Rosemary thriving unprotected near the beach at Genoa Bay BC November 2014
My wife and I both love to use Rosemary for cooking, so over the years I have tried many different strategies for keeping it happy through the cool, damp, dark Vancouver Island Winters.
Key Points to Consider
Rosemary is considered a half hardy perennial in our climatic zone, so unprotected outdoor overwintering is a bit of a gamble.
Unlike many other perennial herbs, Rosemary stores very little energy in it’s stem and root tissue, it has to produce food for itself by photosynthesizing all year round, so it needs light even in the winter.
Rosemary does not like having wet feet, but benefits from moisture on it’s foliage.
Rosemary is damaged in the winter by cold temperatures and wind that produce low humidity conditions that desiccate and damage it’s foliage. Extreme cold temperature will freezes it’s roots.
The first line of defense is choosing a more winter hardy Rosemary cultivar, the standard recommendation in this area is a variety called ‘ARP’, originally from ARP Texas, it is considered to be considerably more cold hardy than most, however I (personally) don’t like the flavor or aroma of ARP Rosemary. Another variety that overwinters well on the herb farm is Northcot.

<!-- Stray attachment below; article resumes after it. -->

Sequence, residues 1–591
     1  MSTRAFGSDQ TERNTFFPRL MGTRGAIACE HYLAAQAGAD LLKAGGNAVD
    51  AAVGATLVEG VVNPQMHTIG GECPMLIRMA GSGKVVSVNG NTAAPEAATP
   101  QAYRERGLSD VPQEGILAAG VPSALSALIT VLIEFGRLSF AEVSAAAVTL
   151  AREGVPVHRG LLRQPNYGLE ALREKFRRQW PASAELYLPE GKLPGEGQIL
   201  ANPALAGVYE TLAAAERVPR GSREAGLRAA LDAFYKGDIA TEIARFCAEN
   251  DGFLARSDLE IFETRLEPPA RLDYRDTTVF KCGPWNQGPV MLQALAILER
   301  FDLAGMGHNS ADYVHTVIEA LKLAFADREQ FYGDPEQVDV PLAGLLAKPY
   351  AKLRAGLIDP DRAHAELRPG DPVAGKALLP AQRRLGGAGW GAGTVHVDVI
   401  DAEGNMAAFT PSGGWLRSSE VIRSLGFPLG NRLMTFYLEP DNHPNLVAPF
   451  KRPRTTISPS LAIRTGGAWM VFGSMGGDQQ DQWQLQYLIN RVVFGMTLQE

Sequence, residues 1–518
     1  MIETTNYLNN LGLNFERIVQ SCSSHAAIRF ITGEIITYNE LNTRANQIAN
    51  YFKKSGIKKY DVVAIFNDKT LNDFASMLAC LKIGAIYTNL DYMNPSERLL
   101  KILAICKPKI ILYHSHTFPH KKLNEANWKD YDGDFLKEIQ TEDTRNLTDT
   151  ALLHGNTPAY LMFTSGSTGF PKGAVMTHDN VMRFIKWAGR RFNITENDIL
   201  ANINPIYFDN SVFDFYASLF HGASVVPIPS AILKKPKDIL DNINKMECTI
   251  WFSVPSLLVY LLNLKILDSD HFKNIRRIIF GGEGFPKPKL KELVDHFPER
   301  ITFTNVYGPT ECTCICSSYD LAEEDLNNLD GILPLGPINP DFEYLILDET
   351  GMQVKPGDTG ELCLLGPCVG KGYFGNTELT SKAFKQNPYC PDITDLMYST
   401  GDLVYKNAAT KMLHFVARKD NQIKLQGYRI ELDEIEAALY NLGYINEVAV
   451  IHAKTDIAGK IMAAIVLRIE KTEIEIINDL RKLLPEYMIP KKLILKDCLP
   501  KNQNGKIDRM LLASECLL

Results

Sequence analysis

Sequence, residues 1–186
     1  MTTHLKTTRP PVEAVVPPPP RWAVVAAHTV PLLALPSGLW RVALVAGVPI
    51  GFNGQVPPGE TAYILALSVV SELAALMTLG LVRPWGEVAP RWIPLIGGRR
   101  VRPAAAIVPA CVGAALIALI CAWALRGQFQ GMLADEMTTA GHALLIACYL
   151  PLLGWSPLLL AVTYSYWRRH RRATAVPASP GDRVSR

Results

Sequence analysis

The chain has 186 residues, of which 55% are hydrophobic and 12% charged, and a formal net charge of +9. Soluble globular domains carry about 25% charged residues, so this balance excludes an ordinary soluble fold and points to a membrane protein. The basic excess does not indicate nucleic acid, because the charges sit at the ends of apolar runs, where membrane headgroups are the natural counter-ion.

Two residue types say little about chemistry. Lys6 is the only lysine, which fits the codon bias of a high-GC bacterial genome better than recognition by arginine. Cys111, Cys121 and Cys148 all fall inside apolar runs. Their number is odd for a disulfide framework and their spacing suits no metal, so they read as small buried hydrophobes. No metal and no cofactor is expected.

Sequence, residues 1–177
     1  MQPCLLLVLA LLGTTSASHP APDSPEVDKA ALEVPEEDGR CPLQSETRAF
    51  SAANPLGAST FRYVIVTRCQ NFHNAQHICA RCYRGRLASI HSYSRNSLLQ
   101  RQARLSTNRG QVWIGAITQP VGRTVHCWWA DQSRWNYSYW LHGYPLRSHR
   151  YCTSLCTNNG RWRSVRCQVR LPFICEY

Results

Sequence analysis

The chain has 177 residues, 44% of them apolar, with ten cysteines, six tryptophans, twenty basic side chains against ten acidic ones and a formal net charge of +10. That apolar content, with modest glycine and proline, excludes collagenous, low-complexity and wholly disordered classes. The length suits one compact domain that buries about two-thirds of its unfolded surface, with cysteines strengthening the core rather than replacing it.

Pick a location, with lots of light, shelter from the wind, and excellent drainage. The cold dry winds are going to come from the north and sometimes the west. If you are lucky enough to live near the sea your Rosemary will benefit from the moderated ocean side winter temperatures and higher humidity.
A Note on Mulch
I am not keen about mulching around Rosemary, the benefit would be added insulation over the root zone, the risk is possible root-rot causing moisture retention.
Consider Container Growing
Growing your Rosemary in a large pot is great strategy as you can move it into an unheated or lightly heated greenhouse, cold frame or covered porch. If you want to take it right inside your house and grow it in a bright window be aware that it will require regular misting to compensate for your dry indoor air and your Rosemary plant may trade insect pests with your house plants which can be tricky !
I grow my Rosemary in large pots that are located on a sunny deck by the kitchen door all spring, summer and fall. Then I move them into an insulated unheated shed and put them under a florescent light fixture that contains 1 cool white and one GE “daylight” bulb.
They light is on 12 hours per day and I get to pick fresh Rosemary all winter and have lots of cuttings for propagation in the early spring.
Care Free Solution
The last, and maybe best strategy is ” don’t worry be happy ! ” and grow your Rosemary as if it is an annual plant. Just buy a new plant every spring. I have seen lots of fantastic Rosemary plants at the early spring “Seedy Saturday” plant and seed exchange sales at very reasonable prices.